In reality, that is often not the case. An emotional, sensitive person does not have to be of a weak character. On the contrary. Some of the strongest people are not those who seem like they do not feel anything, but those who are gifted with a great capacity for compassion.
They do not play being tough if hurt, frightened, or touched, but they endure all the difficulties in life.
Mimosa symbolizes this precious amalgam of sensitivity and toughness found in some of the greatest personalities.
Mimosa awakens the sense of humanness, in a symbolic sense. This lovely, humble plant reminds us to stay in touch with our emotions.
At the same time, it symbolizes the ability to overcome challenges, tough times, and difficulties, because being emotional, sensitive, and even vulnerable, does not exclude being persistent, strong, and capable.
Beauty and softness
Mimosa trees and shrubs are popular for their attractive appearance. People plant them for decorative purposes. The delicate Mimosa pudica is grown for its sophisticated sensitive foliage and its charming pink-purplish flowers are a blessing.
Persian silk tree, although not a true mimosa, easily catches the eye with its silky pink threads and attractive fronds – large, divided leaves. This beautiful tree and its summer blossom are a true delicacy for butterflies, bees, and hummingbirds.
The yellow-blossomed Acacia dealbata, another ’false’ mimosa, known as ’silver wattle’ presents with lavish intensive yellow inflorescences, which makes it extremely popular as an ornamental plant. This plant in particular symbolizes femininity.
All mimosas are loved for their appearance, regardless of the genus. Their alluring foliage, the shape of the tree or shrub, and charming blossoms make them a wonderful addition to the environment.
Their elegant appearance awakens a sense of delicacy, beauty, gentleness, and softness.
Expansion and optimism
Mimosa trees and shrubs tend to grow and spread extremely quickly. They can take up a lot of space.
In a symbolic sense, mimosa flowers represent expansion and abundance. It can be related to any area of life.
For example, mimosa symbolizes the family expansion, the branching of the family.
In that sense, mimosa symbolizes the future, hope, love, mutual connection, creating bonds, and spreading the circle of people in your life.
Mimosa trees are sometimes seen as a symbol of protection and guardianship, as they usually cover a large space as if protecting it with their spread branches.
This characteristic adds to the rapid plant movement protective habit.
Mimosa Flower Cultural Significance
Considering that there are almost 600 mimosa species, along with ’mimosas’ not belonging to the same genre, the cultural significance of these plants is more than expected.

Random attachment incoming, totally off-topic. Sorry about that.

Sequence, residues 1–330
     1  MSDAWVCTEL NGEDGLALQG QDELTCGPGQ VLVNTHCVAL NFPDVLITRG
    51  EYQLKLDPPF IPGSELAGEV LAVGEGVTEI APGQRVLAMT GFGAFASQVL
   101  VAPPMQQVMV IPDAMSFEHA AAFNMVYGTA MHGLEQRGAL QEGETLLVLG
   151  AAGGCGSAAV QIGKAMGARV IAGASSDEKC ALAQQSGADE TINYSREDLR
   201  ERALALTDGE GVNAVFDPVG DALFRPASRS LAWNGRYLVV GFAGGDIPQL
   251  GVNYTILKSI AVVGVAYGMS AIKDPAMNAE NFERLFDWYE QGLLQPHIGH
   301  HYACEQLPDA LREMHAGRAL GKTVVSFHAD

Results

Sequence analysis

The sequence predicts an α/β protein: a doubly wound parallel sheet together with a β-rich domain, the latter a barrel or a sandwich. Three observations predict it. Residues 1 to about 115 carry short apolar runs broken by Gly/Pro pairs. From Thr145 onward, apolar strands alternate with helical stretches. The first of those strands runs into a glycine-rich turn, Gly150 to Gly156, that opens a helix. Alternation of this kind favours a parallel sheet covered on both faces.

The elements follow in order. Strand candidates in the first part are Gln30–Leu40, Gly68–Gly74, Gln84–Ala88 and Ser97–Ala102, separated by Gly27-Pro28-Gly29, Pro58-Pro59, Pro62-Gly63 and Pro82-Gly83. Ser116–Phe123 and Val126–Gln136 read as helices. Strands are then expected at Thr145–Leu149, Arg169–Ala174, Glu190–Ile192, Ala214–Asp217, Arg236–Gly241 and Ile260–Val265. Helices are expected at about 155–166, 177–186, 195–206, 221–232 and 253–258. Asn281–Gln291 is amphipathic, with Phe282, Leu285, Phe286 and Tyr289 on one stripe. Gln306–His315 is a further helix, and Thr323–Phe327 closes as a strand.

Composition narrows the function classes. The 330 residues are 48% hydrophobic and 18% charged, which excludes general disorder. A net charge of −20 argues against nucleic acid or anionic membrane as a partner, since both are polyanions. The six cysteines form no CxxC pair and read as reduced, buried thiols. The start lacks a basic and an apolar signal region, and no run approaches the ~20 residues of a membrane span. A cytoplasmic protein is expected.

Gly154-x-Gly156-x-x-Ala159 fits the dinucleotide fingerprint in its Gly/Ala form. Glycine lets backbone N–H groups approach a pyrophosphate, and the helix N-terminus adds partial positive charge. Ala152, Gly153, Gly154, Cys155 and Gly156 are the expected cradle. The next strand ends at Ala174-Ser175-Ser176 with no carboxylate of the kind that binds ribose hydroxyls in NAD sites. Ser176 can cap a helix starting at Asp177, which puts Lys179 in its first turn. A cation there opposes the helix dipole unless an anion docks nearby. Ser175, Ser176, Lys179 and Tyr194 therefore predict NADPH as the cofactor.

Some of the species have distinctive properties that make them stand out amongst many mimosa plants.
The scientific importance of touch-me-not mimosa
Mimosa pudica, the sensitive touch-me-not caught the attention of researchers early on.
In the 17th century, a German botanist tested plant habituation, using mimosa in his experiments. Three centuries later, scientists found that mimosa recognizes different stimuli.
This highly reactive mimosa was also used in electrical signaling experiments, as well as, anesthetics experiments.
Researchers also studied the habitual learning of plants experimenting with the sensitive Mimosa pudica.
The conclusion of the experiments showed that the mimosa is capable of memory storage and habitual learning.
The actual origin of mimosa’s capability of storing memory is not clear, given the fact that plants do not possess a central nervous system.
Ayahuasca and medicinal properties of Mimosa tenuiflora
Mimosa tenuiflora or Mimosa hostilis, called calumbi, jurema, jurema preta, black jurema, cabrera, carbonal, and tepezcohuite, depending on the regions of distribution, is widely known for its medicinal properties and entheogenic uses.
This mimosa tree or shrub inhabits Brazil, Mexico, El Salvador, Honduras, Colombia, Venezuela, and Panama.
It has fragrant spiky flowers and characteristic fine, pinnate foliage. Leaves and stems are used for making tooth pain-relieving tea.
A decoction of this plant is said to cure bronchitis and cough.
According to a preliminary study, this mimosa could be useful for the treatment of venous ulcerations on the legs. People in Central and South America use Mimosa tenuiflora to heal wounds.
Many cosmetic skincare products contain extracts of this plant. They are popular and promoted by celebrity figures.
However, what Mimosa tenuiflora is also known for is its role in shamanic practices that include the drinking of ayahuasca.
Mimosa tenuiflora contains psychoactive DMT. It is used by the Jurema Cult in northeast Brazil, for making a psychoactive jurema drink.
It is also a DMT admixture for traditional ayahuasca brew. Ayahuasca is a traditional shamanic and ceremonial brew in the basin of the Amazon.
It is made from specific plants with admixtures that add to the brew’s potency. The admixtures vary depending on the region.